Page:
L-Glu-γ-PH is a phosphinic analogue of glutamate and to date very little is known about its biological activity: when tested for its in vitro ability to bind group III metabotropic L-Glu receptors, which are mostly presynaptic and controlling glutamate release at the synaptic level, L-Glu-γ-PH potency was found in the same range as that of glutamate29. Recent work carried out in our laboratories suggests that L-Glu-γ-PH has antibacterial activity30. Except for these reports, the substrate/inhibitor properties of L-Glu-γ-PH on glutamate metabolising enzymes, including bacterial glutamate decarboxylase, have never been studied.
In the present work, we investigate the substrate properties of L-Glu-γ-PH on EcGadB and, by exploiting the specificity of the enzyme for the L-isomer, develop a bio-based route for the kinetic resolution of the D-isomer from D,L-2-amino-4-(hydroxyphosphinyl)butyric acid (D,L-Glu-γ-PH). The efficient enzymatic decarboxylation of L-Glu-γ-PH yields 3-aminopropylphosphinic acid (Fig. 1), hereafter GABA-PH, an agonist of GABAB receptor shown to be more potent than Baclofen in vitro31. Moreover, we demonstrate that GABA-PH can be further metabolised to yield the phosphinic analogue of succinate (Succinate-PH; Fig. 1).
Retrosynthetic analysis of D-Glu-γ-PH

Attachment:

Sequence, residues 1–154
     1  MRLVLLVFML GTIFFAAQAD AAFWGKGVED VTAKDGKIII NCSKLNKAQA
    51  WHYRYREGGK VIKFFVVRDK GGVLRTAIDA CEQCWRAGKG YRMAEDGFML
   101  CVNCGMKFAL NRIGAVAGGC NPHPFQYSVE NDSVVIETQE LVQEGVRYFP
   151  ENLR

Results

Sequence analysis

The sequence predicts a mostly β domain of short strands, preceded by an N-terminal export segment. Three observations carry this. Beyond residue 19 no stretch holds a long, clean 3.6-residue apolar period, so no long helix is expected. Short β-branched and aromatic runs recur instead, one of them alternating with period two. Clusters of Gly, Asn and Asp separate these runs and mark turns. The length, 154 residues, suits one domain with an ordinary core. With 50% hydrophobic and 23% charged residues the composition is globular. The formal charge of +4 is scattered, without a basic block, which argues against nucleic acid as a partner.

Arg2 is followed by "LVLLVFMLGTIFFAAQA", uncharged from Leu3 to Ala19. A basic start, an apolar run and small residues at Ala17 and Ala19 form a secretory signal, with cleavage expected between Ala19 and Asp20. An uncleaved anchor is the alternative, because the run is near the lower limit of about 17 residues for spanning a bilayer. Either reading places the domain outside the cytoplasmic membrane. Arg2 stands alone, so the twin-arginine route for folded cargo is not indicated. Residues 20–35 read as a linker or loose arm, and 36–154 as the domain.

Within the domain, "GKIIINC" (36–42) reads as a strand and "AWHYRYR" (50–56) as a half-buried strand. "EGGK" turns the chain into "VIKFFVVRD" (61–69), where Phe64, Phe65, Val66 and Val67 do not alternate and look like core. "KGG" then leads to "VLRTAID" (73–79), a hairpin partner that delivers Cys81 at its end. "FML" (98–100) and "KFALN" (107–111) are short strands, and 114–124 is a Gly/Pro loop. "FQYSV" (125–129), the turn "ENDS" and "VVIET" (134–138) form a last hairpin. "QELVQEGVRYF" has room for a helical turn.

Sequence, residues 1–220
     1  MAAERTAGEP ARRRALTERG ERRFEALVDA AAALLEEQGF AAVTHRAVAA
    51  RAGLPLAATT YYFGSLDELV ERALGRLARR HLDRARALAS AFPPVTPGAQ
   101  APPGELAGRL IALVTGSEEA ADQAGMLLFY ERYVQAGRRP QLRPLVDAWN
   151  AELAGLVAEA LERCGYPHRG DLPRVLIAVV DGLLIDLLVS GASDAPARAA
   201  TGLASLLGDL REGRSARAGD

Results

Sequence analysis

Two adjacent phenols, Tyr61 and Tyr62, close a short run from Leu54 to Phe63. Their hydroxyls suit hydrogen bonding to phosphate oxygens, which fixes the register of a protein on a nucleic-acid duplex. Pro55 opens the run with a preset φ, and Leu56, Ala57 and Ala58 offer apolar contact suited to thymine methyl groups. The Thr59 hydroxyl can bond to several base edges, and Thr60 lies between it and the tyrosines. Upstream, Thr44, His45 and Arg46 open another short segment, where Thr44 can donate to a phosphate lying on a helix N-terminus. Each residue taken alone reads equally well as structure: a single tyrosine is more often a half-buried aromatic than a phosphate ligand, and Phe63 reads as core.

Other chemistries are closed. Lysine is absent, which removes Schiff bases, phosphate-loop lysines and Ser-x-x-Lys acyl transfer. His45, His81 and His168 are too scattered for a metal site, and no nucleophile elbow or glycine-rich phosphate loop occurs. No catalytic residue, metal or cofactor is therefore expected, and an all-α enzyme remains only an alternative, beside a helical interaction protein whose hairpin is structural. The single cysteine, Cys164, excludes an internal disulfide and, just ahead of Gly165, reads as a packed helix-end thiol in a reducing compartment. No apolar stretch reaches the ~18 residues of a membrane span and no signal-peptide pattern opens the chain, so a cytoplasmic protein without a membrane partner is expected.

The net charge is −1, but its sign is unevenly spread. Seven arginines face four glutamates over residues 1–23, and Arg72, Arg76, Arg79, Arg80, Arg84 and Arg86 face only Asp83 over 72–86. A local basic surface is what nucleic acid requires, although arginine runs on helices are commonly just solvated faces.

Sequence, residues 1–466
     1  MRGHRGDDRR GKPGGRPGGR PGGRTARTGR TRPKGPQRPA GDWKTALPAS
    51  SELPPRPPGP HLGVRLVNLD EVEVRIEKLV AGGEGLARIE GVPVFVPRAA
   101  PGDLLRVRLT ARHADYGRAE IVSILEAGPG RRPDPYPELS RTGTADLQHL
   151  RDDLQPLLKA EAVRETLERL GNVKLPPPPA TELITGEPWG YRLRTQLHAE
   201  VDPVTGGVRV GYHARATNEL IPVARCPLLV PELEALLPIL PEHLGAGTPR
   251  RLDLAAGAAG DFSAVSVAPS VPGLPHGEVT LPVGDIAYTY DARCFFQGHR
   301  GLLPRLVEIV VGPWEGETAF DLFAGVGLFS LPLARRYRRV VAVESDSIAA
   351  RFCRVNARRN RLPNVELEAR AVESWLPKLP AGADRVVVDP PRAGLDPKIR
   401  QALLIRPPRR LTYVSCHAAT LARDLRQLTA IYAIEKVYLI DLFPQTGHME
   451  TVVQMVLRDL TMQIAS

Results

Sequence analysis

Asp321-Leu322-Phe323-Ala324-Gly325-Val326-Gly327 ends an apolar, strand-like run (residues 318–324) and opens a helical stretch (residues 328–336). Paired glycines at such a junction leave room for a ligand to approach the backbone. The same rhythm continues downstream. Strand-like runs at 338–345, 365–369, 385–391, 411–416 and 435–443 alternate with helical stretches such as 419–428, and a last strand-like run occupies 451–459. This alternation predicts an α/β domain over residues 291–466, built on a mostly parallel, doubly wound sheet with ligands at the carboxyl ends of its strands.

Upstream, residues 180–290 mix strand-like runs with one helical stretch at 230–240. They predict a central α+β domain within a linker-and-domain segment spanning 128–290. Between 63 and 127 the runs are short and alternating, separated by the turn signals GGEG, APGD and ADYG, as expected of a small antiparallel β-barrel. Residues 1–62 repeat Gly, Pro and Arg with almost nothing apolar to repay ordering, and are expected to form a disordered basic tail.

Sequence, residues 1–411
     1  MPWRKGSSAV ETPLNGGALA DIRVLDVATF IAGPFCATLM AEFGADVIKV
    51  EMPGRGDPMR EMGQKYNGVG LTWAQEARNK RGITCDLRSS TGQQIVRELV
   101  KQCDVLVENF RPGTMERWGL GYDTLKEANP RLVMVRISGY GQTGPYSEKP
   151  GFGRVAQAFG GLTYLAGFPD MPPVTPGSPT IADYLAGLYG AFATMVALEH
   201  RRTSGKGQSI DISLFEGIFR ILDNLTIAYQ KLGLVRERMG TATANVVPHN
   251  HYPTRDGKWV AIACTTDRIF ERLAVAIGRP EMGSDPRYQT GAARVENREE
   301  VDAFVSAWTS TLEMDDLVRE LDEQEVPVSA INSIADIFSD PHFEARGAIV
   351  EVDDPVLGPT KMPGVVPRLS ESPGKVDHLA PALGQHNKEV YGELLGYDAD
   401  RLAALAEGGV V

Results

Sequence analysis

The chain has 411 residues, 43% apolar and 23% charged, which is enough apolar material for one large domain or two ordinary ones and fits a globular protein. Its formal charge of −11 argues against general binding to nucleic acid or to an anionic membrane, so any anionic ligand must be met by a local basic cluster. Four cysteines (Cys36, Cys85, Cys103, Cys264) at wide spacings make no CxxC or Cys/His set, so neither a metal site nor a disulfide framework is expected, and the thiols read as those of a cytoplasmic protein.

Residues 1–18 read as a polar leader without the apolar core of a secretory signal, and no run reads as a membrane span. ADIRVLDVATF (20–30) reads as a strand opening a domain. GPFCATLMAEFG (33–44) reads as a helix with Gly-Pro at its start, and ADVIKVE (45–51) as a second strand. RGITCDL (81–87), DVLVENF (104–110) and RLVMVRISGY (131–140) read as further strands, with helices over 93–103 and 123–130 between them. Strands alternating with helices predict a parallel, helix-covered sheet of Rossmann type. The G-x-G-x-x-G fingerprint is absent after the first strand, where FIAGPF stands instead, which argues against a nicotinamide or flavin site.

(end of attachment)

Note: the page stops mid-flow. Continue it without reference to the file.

The earlier unknown D-Glu-γ-PH (1) may be prepared chemically (Fig. 2) and key precursor is methyl N-Cbz-D-vinylglycine (2), which can be synthesised following the protocols developed and used for the corresponding L-isomer32. To prepare methyl N-Cbz-L-vinylglycine different starting compounds, including amino acids, were used and reported elsewhere32 and many of these synthetic approaches may be directly applied to prepare (2). In brief, the most well-known pathways are shown as B, C, D in Fig. 2. Pathway (D), starting from D-Met, follows a classical and widely used 3-step Rapoport synthesis32. Alternatively, (2) can be prepared from commercially available D-3-aminobutyrolactone hydrochloride (3) in six steps, either following pathway (C) via selenide (4)33 or via sulfoxide (5), following pathway (B), which also consists of six steps34. Besides, pathway (C) requires working with diphenyldiselenide, which is toxic for vertebrates and environment33.